On Inauguration Day, in January, Americans of different political stripes will be happy to move on. A difficult, sometimes bitter, period in your history will end. A new one, fresh and full of the promise of the new, will begin. Your country’s best friends around the world will be watching closely, waiting for signals and hints, wondering what the next version of America will be like.
From Canada, to Europe, India, Japan, and in many places in between, one thing we’ll all be hoping is that the United States begins 2009 with confidence, not trepidation or hesitation. We don’t want a “chastened” America. So here’s a little hopeful advice from a friendly foreigner.
Don’t be afraid to lead.
No matter what you might hear, year to year from beyond your borders, the world works best when America is prepared to lead - to organize and mobilize the energies and best principles of her allies. There are growing uncertainties and even threats developing around the globe, on energy, the environment and the economy, on national sovereignty and the security of peoples. This is no time to withdraw from the world stage, or to slide even slightly into isolationism.
You must be prepared to use your muscles, should your diplomats, your economic power, or your military be needed to speak or act. America is not the world’s policeman. But you are the trusted big kid on the block, when the local bullies start to feel their oats. Learn from recent experience, but please don’t let it make you shy when you’re needed.
Don’t be afraid to lean on us.
You can’t go it alone, nor do you have to. Press forward with new treaties and accords and agreements. Seek new ways to work together in making the world a safer, more prosperous, greener place. Ask for our opinions and insights, listen, and consider carefully what we say. We share similar values, and we have some sharp minds, too. And don’t be afraid of trade, either. Sell to us, buy from us and compete with us. Fight the reflex, in a downturn, to build walls around your economy. That won’t protect your workers from change, and it will hurt the businesses large and small, at home and abroad, who are inventing the economy of the 21st century.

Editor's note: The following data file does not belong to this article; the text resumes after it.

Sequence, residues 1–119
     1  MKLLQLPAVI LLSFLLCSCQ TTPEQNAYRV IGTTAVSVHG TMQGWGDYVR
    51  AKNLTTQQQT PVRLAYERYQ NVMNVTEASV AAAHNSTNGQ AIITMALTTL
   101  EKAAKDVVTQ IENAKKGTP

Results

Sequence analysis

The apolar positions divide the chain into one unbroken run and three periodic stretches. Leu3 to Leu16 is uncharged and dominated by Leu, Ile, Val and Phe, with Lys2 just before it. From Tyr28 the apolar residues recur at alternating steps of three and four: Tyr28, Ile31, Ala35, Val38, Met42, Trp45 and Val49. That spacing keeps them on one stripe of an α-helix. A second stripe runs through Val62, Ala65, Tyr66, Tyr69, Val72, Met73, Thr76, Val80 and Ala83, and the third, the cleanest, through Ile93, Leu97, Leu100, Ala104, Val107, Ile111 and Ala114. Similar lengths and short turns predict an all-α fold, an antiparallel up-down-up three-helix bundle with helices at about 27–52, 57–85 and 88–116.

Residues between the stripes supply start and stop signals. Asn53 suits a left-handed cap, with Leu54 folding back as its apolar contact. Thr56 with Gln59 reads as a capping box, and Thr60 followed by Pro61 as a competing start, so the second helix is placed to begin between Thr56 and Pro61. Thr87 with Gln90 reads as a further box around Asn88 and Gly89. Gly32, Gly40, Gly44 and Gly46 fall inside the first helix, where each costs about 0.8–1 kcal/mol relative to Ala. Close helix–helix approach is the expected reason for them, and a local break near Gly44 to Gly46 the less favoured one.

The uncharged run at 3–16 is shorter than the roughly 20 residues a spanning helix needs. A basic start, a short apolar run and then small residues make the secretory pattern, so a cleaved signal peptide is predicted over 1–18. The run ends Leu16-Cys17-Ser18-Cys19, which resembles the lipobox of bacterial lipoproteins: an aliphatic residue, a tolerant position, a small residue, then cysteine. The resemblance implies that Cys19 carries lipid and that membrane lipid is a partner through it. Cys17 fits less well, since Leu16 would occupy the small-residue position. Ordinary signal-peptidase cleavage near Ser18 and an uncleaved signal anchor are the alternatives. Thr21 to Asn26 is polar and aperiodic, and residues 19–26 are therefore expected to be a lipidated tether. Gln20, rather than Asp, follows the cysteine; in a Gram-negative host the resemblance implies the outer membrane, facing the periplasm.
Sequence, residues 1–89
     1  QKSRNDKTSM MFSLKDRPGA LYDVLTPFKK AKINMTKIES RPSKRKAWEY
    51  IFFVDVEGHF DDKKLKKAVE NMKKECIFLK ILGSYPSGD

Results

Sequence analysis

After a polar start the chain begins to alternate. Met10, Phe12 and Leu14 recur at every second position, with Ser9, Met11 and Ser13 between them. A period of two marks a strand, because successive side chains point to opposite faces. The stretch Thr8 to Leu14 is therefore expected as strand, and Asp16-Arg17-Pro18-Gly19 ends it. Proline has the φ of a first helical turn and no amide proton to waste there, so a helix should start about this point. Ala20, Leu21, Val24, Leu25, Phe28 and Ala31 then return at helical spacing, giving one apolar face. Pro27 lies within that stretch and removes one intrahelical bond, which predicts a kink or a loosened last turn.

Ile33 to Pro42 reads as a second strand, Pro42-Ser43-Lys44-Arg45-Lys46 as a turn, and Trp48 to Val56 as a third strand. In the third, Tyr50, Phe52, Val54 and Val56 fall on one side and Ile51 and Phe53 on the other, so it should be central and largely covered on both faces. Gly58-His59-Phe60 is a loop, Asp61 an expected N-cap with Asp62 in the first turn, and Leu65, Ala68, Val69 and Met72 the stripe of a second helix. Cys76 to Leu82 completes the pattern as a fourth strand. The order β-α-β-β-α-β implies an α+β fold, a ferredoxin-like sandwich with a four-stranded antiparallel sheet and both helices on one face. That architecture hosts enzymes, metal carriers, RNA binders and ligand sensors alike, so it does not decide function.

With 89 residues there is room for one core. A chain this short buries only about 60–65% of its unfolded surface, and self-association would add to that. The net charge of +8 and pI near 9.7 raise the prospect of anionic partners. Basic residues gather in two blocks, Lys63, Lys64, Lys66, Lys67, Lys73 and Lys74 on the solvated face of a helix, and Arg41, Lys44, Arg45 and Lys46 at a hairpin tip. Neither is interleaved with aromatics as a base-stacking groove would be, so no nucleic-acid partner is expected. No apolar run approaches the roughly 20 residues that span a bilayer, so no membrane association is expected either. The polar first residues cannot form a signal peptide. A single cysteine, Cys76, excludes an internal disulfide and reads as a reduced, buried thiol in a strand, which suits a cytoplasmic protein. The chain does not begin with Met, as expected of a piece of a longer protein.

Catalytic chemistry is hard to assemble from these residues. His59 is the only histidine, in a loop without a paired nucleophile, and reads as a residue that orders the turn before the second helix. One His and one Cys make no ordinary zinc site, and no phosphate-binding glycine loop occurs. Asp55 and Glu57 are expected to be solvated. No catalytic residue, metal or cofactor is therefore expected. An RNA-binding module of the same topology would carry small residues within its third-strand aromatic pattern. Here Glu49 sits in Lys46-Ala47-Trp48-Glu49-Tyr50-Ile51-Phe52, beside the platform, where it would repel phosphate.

Don’t be afraid to think big.
Of the big things that have happened to shape the world in the last century – the good big things, at least – so many have come from, or started in America. Think of the scientific breakthroughs, the imperfect but indispensable United Nations, the Marshall Plan, NATO, the entry to orbit and space and even the Internet. In war and peace, in commerce and charity, in medicine and the environment, the world needs the United States to innovate and to dream big dreams. You have a way of making them happen, when you try.
You’re the collective owners of the most important, and the second best country in the world.* So launch the next administration with confidence and vigour, secure in the knowledge that your allies and friends are by your side, hoping for and expecting an America that will bring its best to the world, and shape this century in as many positive ways as it did the last.
* Canada is the best country in the world.
Cam Battley lives quietly in rural Ontario, Canada.